There is no containing the jubilance. The square veritably explodes with cheers and shouts. A hundred hats are thrown up into the air at once, spinning as they sail back down. Horns honk. Bells ring. Feet stomp.
"In the coming days and weeks every citizen with a permanent address will be receiving one of these," says the mayor, holding up a small, oblong silver orb; "This is an Aresian Power Bead, and once activated it will channel electricity wirelessly from the power plant directly into your homes and businesses. Clean energy, renewable energy -- delivered to you reliably and affordably, now and in the future. Welcome to the new age, New York! In our path the whole world will follow."
The mayor has more to say but it's lost to the hooplah, which increases tenfold as the elevated lamps up and down Broadway wink on one by one, prying the streets out of the twilight. A moment later fireworks fly up over the Hudson, crackling and bursting in air, casting garish curtains of pink and green light crawling down every face as the sparkles fall. "Ooooh!" coo the multitudes; "Aaaah!"
Dade is beside himself. He keeps saying "Ho-ly shit!" over and over again. He grabs Luc's shoulder and shakes him, then hugs him, then throws his arms in the air and hollers with glee. "Holy shit, Look! Can you believe it? Fucking A, man! Fucking A! It's all over!"
Luc nods, his lips pressed tight. "Yeah," he says heavily. "It's all over."
The streets have become a party. People are pouring out of their apartments and offices, hearing the news, hounding the overwhelmed restaurants and bars and walla carts for beer and liquor and wine. More fireworks burst in the purpling sky overhead.
"What's wrong?" says Dade, searching Luc's face -- orange in the glare of the fireworks, now blue. "What's the matter, Look? Aren't you happy?"
"It's all over," Luc repeats, his features a study in misery. "I sacrifice everything to this, and now there is nothing for us."
"What do you mean?"
"The bikes will close," explains Luc, pinching the bridge of his nose as he closes his eyes. "The bikes will close and I'm left damned. Do you think the world will change overnight? It won't. In a week everyone will have electricity, and there will be no more bike. But you and I, my friend, we will still be poor."
Dade's face falls, the realization sinking in.
"We will still be poor," repeats Luc grimly, "but all the bike will be gone."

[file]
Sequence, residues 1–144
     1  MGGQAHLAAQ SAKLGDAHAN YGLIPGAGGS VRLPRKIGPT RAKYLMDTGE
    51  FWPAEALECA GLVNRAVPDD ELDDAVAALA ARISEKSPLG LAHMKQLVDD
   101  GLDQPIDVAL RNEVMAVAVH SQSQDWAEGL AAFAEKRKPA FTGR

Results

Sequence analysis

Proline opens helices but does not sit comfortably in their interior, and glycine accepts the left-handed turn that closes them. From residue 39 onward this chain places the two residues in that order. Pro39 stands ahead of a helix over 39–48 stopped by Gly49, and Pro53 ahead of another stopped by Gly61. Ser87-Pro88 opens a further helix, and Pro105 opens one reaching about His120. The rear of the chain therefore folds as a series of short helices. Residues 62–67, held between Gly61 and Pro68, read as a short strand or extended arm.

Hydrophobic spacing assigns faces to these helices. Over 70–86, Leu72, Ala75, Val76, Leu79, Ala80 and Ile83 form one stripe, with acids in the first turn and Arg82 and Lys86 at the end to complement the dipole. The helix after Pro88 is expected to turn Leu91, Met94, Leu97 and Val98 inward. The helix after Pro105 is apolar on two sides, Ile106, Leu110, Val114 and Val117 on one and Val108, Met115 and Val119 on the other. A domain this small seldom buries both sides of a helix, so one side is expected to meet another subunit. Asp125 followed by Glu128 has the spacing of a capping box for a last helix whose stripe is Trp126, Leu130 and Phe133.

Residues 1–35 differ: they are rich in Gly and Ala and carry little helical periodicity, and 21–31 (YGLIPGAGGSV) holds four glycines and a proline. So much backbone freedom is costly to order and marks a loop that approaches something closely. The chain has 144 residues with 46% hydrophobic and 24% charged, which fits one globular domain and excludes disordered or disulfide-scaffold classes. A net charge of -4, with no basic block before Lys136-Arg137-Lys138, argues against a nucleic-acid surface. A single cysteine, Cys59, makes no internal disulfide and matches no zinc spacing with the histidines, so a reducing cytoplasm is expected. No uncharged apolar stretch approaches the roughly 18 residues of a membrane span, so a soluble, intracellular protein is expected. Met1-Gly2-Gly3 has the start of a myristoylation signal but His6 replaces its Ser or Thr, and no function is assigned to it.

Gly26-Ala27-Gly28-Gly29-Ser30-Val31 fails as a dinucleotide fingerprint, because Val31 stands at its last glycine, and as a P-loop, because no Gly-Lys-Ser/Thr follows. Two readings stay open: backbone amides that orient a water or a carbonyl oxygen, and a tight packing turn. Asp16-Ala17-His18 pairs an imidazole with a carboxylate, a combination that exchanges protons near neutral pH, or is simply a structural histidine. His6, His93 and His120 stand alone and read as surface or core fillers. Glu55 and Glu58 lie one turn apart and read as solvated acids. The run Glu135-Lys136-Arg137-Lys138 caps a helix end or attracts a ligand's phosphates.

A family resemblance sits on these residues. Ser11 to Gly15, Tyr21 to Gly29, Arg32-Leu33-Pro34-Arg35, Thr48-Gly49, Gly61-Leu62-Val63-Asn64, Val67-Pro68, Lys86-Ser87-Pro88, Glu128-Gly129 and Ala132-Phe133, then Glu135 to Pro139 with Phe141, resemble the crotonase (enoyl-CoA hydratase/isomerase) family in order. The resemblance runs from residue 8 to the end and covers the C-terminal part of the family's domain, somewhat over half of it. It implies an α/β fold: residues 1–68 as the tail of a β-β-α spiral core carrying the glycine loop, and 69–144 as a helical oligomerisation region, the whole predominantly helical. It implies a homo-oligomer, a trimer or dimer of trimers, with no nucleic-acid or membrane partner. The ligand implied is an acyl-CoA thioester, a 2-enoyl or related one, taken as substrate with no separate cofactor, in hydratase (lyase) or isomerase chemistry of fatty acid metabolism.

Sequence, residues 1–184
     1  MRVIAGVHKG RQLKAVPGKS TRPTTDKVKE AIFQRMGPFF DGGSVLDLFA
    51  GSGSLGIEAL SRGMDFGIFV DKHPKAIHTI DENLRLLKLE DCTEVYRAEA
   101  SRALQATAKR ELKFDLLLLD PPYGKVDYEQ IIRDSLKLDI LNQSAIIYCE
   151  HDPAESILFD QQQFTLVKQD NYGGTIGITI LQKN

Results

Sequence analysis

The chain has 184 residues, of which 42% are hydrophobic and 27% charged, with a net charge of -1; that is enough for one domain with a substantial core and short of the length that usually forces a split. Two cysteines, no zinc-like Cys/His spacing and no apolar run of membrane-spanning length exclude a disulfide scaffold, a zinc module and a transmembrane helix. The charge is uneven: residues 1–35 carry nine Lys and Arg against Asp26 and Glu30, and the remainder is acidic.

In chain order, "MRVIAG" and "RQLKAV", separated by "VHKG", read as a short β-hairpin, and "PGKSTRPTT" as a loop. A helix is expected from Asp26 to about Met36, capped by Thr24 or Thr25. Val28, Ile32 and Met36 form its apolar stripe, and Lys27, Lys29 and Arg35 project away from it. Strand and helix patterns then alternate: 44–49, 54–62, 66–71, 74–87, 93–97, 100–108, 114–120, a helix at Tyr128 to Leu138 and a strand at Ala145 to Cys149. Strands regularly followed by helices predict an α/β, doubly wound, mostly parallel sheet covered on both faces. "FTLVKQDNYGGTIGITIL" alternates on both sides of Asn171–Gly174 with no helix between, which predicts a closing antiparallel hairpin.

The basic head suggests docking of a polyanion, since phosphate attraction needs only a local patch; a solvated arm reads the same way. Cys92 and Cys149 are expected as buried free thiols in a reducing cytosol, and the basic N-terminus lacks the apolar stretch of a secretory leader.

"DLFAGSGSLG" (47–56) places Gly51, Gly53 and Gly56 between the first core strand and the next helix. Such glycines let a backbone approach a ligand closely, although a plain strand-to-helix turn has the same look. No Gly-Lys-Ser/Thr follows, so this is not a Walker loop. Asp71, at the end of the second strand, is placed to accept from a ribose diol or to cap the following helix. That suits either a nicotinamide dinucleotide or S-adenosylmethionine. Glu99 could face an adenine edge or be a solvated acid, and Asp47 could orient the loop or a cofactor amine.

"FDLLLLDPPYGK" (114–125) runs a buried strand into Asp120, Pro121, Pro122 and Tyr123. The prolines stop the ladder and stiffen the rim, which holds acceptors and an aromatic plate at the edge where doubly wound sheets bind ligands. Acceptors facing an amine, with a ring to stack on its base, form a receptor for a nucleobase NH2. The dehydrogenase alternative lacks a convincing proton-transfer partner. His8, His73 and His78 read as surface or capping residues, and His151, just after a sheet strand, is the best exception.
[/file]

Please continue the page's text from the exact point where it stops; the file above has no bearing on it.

"Things are going to change," says Dade hopefully.
"Yeah," concedes Luc, eyes on the fire-spangled sky. "And God only knows what we will be forced to do for our bread until the changes are done."
New York celebrates. It won't be until the cold light of dawn that people begin to wonder what debt they'll owe the makers of Aresian Power Beads -- what debt the whole planet will owe Ares -- in return for being pulled out of the darkness. No one knows what deal the mayor has struck, or what this technological lifeline may cost their wounded civilization.
Mars has won.
But tonight there is light and laughter, and it's contagious. Even Luc cannot remain glum. He smiles when someone pours champagne over his head, breaks into guffaws as Dade picks up the pretty waitress and swings her around, then kisses her.
Someone in one of the buildings edging the square has released bags full of shredded paper and it falls like confetti, a twirling snow of manilla cardboard, white bond and dead film.
Nobody will ever forget this night. I won't. You won't.
For Luc it also holds the memory of his final ride, head bowed over the handlebars, feeding the great, unseen, underground flywheel, pedaling his way to infinity in the middle of the Times Square bikefield all alone. I don't know where he's going but he's getting there fast, pushing his body to the limit, sweat running off him like rain. The bike hums, its connections crackle. Luc's legs are a blur.
He's desperate, mad and Hell-bent. He's trying to feel clean.
Though he never moves an inch he weeps all the way over the horizon, chasing his soul.